- Use alternative words to describe the term, for example coast, seaside, beach, sea, cliffs.
- Use blogs to help keep your content conversational and current.
- Get your business on local and national listing services, e.g. Google business listing.
- Images should have a relevant name and descriptions.
- Don’t worry about linking to other sites and losing a visitor, for example if you are an accommodation site then link to local things to do and places to visit. If the visitor found it interesting they will come back to you.
- Plenty of opportunities exist to advertise your business but make sure wherever you describe your business you include your website and email addresses.
As this is a continual exercise then make sure you have good analytics through free tools such as Google Analytics and use the data to continually evaluate and tune your SEO efforts.
Be very, very careful about using someone to optimise your website:
The key to remember here is nothing comes for free unless you do it yourself. If a plumber turns up to fix your pipe leak and under charges every other quote by half you would ask the question why. This is the same on the internet in that everything takes a person some time and so if someone is charging £10 vs. £50 they are not going to put the same effort and care into the task at hand.
Search engines are always on the look out for people trying to cheat the system and if a website is thought to have broken some rules then they will all but disappear from search engine results that can be devastating. This will not impact the SEO Company who broke the rules but the website that employed them, i.e. your business.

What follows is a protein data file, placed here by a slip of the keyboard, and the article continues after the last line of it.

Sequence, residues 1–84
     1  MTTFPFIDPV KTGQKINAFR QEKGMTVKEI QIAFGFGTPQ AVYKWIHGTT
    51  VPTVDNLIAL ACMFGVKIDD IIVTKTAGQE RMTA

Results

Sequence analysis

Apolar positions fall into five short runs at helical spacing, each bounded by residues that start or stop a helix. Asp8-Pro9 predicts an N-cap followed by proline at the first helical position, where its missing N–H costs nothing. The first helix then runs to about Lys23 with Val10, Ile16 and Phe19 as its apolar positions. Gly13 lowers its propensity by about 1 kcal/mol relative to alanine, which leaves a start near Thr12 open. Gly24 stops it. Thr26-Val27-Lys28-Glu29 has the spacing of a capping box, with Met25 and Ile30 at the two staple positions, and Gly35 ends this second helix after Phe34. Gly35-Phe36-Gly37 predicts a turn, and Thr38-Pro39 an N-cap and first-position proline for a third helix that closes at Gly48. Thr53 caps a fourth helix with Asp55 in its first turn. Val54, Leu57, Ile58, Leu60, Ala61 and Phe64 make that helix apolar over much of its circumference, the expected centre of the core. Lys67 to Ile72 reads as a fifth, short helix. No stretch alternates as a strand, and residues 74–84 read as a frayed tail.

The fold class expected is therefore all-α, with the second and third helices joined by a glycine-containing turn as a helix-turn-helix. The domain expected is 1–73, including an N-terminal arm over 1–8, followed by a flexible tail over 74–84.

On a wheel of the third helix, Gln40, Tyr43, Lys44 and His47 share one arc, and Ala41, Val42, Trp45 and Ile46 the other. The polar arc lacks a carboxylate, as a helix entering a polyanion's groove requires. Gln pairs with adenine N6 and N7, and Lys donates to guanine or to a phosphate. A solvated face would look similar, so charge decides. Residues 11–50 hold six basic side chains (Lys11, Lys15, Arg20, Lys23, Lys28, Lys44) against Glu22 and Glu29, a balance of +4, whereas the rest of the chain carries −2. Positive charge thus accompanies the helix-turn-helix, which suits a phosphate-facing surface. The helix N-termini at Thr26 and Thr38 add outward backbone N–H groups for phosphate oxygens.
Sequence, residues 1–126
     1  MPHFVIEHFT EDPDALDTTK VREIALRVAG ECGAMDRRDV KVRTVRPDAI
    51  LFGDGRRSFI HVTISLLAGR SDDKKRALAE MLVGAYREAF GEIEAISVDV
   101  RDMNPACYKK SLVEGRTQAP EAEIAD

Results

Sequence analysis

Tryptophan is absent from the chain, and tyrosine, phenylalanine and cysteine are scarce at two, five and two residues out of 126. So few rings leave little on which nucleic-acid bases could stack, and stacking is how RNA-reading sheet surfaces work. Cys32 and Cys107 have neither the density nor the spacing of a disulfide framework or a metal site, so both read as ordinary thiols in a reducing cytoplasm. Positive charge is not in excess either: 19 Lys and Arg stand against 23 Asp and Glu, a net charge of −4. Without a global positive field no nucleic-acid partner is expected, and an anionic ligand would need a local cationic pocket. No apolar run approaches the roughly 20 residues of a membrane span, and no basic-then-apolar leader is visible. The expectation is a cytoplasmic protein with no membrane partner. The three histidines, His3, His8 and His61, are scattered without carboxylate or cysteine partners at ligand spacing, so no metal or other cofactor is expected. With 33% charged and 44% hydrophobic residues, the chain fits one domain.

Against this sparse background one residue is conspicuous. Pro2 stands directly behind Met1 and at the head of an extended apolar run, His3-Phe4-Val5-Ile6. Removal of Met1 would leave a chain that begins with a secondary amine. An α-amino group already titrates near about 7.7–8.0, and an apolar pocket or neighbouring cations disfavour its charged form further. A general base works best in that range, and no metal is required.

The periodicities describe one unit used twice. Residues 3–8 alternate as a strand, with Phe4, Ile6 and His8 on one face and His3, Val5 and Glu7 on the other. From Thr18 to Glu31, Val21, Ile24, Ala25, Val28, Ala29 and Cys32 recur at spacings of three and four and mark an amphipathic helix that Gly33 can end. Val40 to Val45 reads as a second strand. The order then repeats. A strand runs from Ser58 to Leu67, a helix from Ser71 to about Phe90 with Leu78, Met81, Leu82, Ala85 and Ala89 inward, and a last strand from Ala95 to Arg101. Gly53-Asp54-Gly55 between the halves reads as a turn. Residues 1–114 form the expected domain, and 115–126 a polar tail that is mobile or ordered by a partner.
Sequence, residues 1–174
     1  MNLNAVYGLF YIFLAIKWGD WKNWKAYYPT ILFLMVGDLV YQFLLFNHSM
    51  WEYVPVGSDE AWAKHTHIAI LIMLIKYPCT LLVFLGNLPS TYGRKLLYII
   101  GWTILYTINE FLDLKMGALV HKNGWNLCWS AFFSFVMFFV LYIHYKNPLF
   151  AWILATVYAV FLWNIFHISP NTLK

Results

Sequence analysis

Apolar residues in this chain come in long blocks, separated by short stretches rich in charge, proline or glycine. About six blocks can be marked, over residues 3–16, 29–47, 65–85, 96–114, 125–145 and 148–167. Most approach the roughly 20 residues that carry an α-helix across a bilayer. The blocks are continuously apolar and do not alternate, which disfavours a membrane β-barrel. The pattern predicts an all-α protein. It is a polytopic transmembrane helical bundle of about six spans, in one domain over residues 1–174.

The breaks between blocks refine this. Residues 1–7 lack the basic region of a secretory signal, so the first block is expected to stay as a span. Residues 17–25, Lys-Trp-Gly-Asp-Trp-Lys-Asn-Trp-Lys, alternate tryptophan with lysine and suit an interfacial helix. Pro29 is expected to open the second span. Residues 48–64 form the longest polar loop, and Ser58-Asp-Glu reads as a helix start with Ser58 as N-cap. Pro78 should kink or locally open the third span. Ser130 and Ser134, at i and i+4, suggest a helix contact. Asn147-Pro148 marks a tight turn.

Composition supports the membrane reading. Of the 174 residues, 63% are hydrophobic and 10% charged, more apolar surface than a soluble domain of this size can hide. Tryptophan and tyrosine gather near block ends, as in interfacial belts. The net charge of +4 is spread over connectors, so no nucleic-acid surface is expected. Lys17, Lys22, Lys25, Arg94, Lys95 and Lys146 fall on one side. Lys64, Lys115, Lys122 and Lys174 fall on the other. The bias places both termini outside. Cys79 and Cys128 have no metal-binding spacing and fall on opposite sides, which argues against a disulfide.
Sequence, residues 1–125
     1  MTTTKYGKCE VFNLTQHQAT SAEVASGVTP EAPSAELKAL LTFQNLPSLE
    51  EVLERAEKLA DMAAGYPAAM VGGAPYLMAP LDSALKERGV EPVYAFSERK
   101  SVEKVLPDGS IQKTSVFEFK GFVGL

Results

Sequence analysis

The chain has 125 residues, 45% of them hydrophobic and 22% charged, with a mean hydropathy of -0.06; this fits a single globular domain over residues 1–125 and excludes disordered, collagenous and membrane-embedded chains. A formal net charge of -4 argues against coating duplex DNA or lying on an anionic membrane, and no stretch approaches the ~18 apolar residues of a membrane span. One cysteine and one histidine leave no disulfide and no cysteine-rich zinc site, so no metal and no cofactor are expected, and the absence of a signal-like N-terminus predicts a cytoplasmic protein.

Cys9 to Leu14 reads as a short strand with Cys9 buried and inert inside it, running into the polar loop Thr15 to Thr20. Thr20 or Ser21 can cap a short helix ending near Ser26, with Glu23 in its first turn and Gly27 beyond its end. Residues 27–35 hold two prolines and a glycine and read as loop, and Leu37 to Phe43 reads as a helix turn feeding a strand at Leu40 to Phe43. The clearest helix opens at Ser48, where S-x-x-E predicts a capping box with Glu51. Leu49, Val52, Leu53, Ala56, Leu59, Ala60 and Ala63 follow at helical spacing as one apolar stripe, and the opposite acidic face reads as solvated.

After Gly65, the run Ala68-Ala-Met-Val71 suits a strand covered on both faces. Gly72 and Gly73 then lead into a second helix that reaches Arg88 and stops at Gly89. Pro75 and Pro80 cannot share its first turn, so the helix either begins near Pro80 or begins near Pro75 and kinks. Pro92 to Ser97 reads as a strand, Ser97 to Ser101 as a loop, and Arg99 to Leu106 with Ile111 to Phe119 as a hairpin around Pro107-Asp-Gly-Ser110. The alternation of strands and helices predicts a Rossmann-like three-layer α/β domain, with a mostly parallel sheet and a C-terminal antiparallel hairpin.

Social media gives a great opportunity to promote and create a conversation around your business. Often people want another opinion on the business and having people talking about you is a great enforcement of your reputation.
The key here is to pick a brand name and then use the same term across all social media channels. I would suggest getting:
- twitter account
- facebook page
- google+ page
- youtube channel
- instagram account
- pinterst account
Get an account for them all but at first concentrate on just a couple, and keep the others ticking over. Remember to do a small amount well rather than a lot badly.
When using social media do remember that people don’t always want to see sales pitches. The idea is to show the personal side of the business and talk about related items. Doing this will build an audience that you can then promote to.
How UK Beaches can help
UK Beaches was set-up and is still designed, developed, optimised and run by just one person. I started the website for a number of reasons but one of them was because I had my own self catering cottage and needed to fill the winter months. Lots of people wanted to take the cottage for the whole year but I could always rent out the main months but no one could guarantee the winter months. There was no way I was giving away a percentage on my summer booking for a chance of filling the winter months.
The UK Beaches Guide (originally started as Coast Radar) is really here to help small tourism businesses compete with the big companies. The site and social media channels are only about one thing and so all our visitors are actively involved. Our charges are really only set to an affordable yearly amount that cover my costs of implementing your listing and helping to promote your business.
I put the same level of effort into my big customers like the hotel and cottage companies as I do the independently owned B&B or beach side cafe. Get in touch as I love the UK coast and have done this for my own business and want to promote the UK beaches, coast and associated small businesses. I also only have to please myself and not account to any managers or shareholders for my actions, thus, make a suggestion and I will probably give it a try.